During ESA astronaut Andreas Mogensen’s mission, one of the experiments will focus on monitoring his health and vital signs as he engages in daily exercise while in space. Understanding how the human body adapts to the challenges of microgravity is a central goal of numerous experiments conducted aboard the International Space Station. While astronauts typically take about two weeks to acclimatize to the space environment, ongoing monitoring of their physical well-being, particularly during exercise, provides valuable insights into how to best support them during their time in orbit.
As part of his Huginn mission, Andreas Mogensen will utilize the SpaceWear monitor, which he will strap to his chest during exercise sessions to capture essential health parameters such as skin temperature and heart rate. The SpaceWear device, roughly the size of a wristwatch, continuously tracks a wide range of health indicators, including heart rate and its variability, respiratory rate, body orientation and movement, and skin temperature. Remarkably, it does so at a staggering rate of 1,000 measurements per second, and it boasts an impressive 10-hour battery life.
What sets the SpaceWear monitor apart from existing health monitors on the International Space Station is not only its compact size but also the frequency and quality of the data it collects. Thomas Andersen, CEO of the Danish Aerospace Company, which developed the device, highlights its potential impact in astronauts’ daily lives aboard the Space Station.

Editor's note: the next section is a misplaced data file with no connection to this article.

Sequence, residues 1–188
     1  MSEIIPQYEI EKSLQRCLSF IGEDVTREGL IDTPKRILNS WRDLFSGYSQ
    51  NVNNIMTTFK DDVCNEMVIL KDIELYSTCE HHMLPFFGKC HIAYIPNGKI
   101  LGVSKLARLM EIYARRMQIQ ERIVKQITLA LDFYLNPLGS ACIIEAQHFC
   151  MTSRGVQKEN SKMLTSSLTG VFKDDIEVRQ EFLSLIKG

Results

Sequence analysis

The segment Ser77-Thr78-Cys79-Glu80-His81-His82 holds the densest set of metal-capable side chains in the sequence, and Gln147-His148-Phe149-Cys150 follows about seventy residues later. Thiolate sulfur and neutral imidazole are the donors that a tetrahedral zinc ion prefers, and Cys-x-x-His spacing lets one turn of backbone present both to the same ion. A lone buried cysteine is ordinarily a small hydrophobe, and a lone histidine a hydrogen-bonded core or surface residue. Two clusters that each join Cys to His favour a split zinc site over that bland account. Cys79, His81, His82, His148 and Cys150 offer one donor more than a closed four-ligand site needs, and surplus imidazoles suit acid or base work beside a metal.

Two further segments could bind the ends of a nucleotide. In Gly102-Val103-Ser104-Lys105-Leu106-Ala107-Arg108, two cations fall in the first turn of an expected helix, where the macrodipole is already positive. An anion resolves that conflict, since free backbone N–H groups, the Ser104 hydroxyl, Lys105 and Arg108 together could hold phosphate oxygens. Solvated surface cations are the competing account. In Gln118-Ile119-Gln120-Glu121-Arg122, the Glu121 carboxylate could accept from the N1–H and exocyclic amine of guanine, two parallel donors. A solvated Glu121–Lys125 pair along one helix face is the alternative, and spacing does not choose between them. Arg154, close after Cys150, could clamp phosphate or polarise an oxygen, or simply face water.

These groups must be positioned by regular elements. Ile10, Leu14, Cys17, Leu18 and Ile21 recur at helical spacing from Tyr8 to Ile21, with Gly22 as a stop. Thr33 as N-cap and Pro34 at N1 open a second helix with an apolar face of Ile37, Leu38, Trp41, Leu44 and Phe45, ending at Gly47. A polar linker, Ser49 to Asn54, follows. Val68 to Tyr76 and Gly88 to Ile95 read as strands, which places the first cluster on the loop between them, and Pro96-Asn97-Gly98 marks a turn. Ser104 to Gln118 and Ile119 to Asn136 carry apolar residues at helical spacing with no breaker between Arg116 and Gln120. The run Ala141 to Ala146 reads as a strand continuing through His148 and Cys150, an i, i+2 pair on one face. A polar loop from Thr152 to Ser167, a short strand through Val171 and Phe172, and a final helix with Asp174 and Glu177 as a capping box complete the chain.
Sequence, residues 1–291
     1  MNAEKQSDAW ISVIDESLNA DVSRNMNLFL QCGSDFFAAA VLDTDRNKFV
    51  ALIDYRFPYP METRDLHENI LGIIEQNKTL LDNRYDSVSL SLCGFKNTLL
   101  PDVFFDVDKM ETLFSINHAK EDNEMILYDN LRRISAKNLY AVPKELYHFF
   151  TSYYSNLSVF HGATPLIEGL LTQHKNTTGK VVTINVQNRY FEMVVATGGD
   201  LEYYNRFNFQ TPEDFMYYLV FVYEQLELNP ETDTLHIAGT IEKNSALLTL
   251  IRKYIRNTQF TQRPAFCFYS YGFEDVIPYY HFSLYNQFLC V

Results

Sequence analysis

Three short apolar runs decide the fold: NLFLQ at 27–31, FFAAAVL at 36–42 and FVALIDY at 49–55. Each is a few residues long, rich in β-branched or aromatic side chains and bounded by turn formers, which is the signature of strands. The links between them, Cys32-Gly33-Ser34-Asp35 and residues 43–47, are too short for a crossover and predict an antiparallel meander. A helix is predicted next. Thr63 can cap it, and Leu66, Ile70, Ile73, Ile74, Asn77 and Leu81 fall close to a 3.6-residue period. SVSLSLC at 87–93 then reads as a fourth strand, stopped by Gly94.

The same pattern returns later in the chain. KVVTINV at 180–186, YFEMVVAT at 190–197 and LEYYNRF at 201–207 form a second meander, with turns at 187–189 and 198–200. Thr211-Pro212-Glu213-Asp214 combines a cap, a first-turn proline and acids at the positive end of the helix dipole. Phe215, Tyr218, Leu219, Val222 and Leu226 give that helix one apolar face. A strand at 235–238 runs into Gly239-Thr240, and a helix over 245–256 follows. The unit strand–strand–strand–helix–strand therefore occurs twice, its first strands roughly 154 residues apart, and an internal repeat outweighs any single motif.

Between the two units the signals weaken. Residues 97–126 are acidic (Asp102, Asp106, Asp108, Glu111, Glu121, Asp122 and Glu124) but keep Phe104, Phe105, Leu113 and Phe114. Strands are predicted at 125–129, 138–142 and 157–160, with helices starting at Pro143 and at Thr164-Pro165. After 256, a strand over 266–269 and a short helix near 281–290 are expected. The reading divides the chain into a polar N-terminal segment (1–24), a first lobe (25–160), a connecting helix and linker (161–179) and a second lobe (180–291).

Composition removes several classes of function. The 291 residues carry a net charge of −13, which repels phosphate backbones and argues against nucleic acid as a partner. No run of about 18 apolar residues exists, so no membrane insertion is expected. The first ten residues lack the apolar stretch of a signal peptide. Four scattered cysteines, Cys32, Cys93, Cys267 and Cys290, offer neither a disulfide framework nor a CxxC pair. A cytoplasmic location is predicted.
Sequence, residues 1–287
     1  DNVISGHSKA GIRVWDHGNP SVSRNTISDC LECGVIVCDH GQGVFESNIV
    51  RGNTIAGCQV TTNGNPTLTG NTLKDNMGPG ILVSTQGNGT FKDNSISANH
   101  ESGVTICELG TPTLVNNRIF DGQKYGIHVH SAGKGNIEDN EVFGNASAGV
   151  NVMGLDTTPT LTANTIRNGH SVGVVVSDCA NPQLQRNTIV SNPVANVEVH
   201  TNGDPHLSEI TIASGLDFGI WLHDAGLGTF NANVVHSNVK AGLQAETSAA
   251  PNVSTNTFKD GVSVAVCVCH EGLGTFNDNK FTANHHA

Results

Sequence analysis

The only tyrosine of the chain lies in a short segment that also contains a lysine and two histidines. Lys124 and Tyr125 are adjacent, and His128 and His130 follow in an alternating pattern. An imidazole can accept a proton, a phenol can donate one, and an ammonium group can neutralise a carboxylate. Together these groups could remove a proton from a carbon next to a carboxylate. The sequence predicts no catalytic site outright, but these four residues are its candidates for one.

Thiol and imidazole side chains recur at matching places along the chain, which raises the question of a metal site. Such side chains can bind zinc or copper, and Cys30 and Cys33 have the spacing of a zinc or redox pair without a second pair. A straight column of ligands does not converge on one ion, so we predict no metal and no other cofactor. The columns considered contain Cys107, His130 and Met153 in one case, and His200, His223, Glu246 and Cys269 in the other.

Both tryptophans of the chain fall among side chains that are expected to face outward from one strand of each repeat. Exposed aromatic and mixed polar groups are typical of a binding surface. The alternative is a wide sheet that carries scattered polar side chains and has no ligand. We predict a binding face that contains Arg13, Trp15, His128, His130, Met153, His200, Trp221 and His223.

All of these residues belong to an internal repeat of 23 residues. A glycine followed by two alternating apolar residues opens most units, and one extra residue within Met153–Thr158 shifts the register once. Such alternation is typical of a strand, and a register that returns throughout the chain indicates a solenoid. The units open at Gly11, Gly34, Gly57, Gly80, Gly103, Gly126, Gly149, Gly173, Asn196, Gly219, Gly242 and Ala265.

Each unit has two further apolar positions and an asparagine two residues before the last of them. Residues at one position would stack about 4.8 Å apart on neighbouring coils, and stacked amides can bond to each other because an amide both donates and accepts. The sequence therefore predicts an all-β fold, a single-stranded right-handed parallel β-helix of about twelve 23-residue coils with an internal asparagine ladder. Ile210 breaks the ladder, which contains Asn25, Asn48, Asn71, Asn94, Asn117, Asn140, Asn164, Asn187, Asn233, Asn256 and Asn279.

The SpaceWear monitor’s robust design, tailored for extreme environments, could extend its applications beyond space exploration. For instance, the data collected during Andreas’s testing on the Space Station may find utility in high-risk professions like firefighting. Firefighters frequently encounter intense heat, heavy equipment, and physically demanding tasks, and SpaceWear could serve as a valuable tool for monitoring their well-being, providing crucial medical information to prevent and address potential health issues.
Moreover, this health tracker has potential applications in extreme sports as well. Athletes engaged in activities involving high G-forces, such as motorsports drivers and mountaineers scaling high-altitude peaks, could benefit from the insights and data provided by the SpaceWear monitor.
In summary, the SpaceWear monitor’s capabilities extend beyond the realm of Earth’s orbit, making it a versatile tool with the potential to enhance safety and well-being in various challenging environments, from outer space to demanding terrestrial professions and extreme sports.
Source: European Space Agency